Shadia: Passover a common belief for both Muslims, Jews

Unveiled: A Muslim Girl in O.C.

April 18, 2012|By Mona Shadia

By now, you know that I'm a Muslim who mingles with Jews.

But the other day, I took it a step further and attended a Passover Seder at my friend Jazy's home. Seder is a ritual feast that marks the beginning of Passover.

Seder means order. The feast consists of various specific foods, prayers and the retelling of the story of the Prophet Moses (who is also a prophet in Islam) who liberated the Israelites from ancient Egypt's brutal Pharaoh.


Yes, even though I'm Egyptian and very proud of my country, its history and civilization, I know that Pharaoh was no good.

And that's why we believe God sent Moses to save the people of Israel from his brutality. We believe Pharaoh wanted to kill the newborn boys of Israel.

We believe Moses, as a child, was saved by a member of the Pharaoh household, where he was raised by Pharaoh's wife. Unlike Pharaoh, who wouldn't believe in God, we believe his wife was a woman of faith.

We also believe the story of Passover, which is when Moses was able to cross the sea with the people of Israel. And we believe God handed him the Torah.

If you're starting to question whether I'm really Muslim or Jewish, let me clarify: I am Muslim.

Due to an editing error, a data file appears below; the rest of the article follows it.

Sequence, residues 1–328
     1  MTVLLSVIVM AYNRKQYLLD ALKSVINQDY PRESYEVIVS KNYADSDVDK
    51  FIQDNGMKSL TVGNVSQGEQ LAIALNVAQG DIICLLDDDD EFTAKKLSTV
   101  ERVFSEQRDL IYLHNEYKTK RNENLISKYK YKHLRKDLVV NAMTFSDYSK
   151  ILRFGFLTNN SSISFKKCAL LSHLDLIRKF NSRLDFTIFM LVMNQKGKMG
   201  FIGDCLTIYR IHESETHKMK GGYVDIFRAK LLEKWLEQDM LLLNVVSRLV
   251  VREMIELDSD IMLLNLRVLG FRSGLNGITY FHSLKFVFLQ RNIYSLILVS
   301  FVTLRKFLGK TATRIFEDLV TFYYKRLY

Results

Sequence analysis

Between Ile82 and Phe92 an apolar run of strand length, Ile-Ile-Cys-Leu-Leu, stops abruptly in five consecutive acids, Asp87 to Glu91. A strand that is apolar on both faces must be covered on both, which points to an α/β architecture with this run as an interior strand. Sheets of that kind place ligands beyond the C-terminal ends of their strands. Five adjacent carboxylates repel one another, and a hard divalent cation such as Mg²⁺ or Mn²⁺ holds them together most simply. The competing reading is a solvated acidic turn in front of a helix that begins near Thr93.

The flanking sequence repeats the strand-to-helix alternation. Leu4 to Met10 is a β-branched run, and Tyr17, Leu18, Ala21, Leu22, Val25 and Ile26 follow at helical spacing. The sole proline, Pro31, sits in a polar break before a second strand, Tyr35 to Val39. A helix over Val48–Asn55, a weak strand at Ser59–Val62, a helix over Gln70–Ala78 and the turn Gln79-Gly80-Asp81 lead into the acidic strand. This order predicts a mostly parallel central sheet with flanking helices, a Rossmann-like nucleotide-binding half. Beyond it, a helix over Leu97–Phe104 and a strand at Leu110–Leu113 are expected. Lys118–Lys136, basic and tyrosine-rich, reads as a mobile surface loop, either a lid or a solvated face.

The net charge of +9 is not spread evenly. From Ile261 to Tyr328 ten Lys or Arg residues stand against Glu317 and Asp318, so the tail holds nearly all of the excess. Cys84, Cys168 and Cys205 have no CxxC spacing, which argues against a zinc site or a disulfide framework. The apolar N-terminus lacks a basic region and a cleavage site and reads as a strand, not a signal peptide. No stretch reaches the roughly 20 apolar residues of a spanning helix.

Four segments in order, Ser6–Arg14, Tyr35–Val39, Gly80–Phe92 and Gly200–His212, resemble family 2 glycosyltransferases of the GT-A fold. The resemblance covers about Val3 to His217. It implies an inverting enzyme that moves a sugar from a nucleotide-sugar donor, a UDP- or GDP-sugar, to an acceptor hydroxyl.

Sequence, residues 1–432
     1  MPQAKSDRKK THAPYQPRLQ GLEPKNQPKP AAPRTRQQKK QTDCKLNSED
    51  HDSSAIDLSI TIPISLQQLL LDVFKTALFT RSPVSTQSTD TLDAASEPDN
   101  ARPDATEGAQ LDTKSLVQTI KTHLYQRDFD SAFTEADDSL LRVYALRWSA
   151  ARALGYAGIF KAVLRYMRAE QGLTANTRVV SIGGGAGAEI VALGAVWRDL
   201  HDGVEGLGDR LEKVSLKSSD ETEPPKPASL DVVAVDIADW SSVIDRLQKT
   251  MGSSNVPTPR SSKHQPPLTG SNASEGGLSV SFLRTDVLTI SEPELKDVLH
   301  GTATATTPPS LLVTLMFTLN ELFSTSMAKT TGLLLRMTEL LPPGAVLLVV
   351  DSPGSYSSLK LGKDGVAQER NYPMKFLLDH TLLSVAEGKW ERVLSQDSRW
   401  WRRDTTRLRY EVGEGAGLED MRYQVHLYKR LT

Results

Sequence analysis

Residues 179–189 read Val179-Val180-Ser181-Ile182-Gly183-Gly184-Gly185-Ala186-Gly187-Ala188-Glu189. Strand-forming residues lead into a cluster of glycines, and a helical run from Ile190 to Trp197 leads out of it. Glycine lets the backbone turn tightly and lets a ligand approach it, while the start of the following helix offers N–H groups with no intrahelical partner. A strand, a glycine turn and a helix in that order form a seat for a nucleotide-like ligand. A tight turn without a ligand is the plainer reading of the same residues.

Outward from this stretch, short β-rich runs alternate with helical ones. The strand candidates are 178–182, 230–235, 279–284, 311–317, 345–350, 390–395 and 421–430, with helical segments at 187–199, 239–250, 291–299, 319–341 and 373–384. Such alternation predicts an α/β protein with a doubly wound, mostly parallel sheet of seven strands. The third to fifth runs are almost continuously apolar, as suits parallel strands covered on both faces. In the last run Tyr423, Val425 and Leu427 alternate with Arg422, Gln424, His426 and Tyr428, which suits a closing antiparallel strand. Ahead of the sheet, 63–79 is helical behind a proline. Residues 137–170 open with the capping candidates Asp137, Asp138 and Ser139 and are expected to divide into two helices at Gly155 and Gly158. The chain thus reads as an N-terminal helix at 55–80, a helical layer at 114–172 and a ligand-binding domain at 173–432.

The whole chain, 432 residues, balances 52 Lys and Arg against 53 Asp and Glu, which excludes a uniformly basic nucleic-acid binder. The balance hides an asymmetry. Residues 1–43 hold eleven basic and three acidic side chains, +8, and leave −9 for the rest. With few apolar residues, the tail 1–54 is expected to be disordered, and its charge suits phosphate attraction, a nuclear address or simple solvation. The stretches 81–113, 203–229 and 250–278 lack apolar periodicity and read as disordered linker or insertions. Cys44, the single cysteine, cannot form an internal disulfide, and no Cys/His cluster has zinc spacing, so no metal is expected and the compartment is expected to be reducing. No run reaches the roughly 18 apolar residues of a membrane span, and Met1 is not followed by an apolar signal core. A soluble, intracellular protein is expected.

We just share the same stories. The story of Moses is one of the first stories I learned as a child. Uncle Beautiful taught it to me.

But why do we share the same stories?

I asked my favorite imam, Waleed Basyouni, who lives in Texas, that question. He is a frequent guest speaker, nationally and internationally. He is also a member of the Assembly of Muslim Jurists in America-Fatwa and Research Committee, and an advisor to numerous Islamic societies around the U.S.

Basyouni told me the answer is simple: We share the same God. Duh.

"It shows that our book wouldn't contradict the other books because they come from the same source," Basyouni said.

And the reason the Quran retells the story of Moses and others is because Moses has rights over us as Muslims, and the stories allow us to recognize other people's struggles.

"It teaches us that we should never be the oppressor in our lives," Basyouni said.

Even though Seder is traditionally held on the first night of Passover, the one I attended was just a day before the last night.

Jazy wanted to bring together some of her Jewish and non-Jewish friends to share in this ritual.

It was a potluck-style Seder.

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